Eyes Glazed Over

Still of Olwen Catherine Kelly from the film The Autopsy of Jane Doe.
Fair nonprofit use applies.
PLEASE NOTE THAT THIS IS A GRAPHIC JOURNEY INVOLVING MY FIRST-HAND EXPERIENCE IN MORTUARY SCIENCE.

Blues on, apron tied, gloves on and face visor down. Tray number 3, unremarkable male. Body chart blank save for cannula in left wrist. Out it comes and into clinical waste. Gaudy yellow sack ready for more where that came from.

Onto the shiny steel dissection table, soaked in water to prevent blood sticking like glue. No need to shout “clear!” in this department, unless the drainage hole blocks. Sink at foot end and head on rubber headrest. With arms resting by side, they’re looking curiously comfortable with what’s to come.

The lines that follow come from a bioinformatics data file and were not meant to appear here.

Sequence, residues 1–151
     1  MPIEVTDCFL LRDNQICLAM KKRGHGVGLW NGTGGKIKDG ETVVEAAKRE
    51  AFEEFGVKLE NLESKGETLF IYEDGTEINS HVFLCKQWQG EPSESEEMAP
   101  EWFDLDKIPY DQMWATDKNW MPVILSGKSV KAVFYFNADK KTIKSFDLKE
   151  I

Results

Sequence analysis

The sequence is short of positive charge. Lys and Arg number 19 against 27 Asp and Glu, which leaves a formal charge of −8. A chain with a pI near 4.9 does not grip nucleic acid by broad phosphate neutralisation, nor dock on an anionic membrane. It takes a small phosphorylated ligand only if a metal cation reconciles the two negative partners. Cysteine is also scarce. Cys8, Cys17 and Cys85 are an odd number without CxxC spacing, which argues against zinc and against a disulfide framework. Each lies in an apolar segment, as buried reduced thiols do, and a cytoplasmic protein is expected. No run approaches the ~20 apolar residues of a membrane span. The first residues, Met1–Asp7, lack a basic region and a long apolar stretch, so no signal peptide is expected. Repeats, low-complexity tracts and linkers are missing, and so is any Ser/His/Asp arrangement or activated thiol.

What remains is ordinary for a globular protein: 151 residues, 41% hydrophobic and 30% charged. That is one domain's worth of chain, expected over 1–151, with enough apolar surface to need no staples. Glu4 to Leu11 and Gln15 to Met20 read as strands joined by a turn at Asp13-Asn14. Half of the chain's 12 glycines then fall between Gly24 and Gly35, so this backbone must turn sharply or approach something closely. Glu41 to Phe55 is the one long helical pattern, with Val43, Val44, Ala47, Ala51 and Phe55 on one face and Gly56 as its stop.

Fresh blade on PM40 now angled in sternal notch. A gentle firm pressure and it glides down towards the abdomen like a hot poker through hide. Ease off and curve around the navel then rest to a halt at the pubic bone. No pain. No response. No blood.

A never-ending curious experience: dissection of the thorax, white connective tissue glistening like moonlight on water as muscle and bone exposed. Employed with brutal care, the rib shears crunch through bone until the breastbone is liberated. You think stargazing is amazing? This is one momentous revelation.

The heart… however.

Deflated, floppy and full of clots.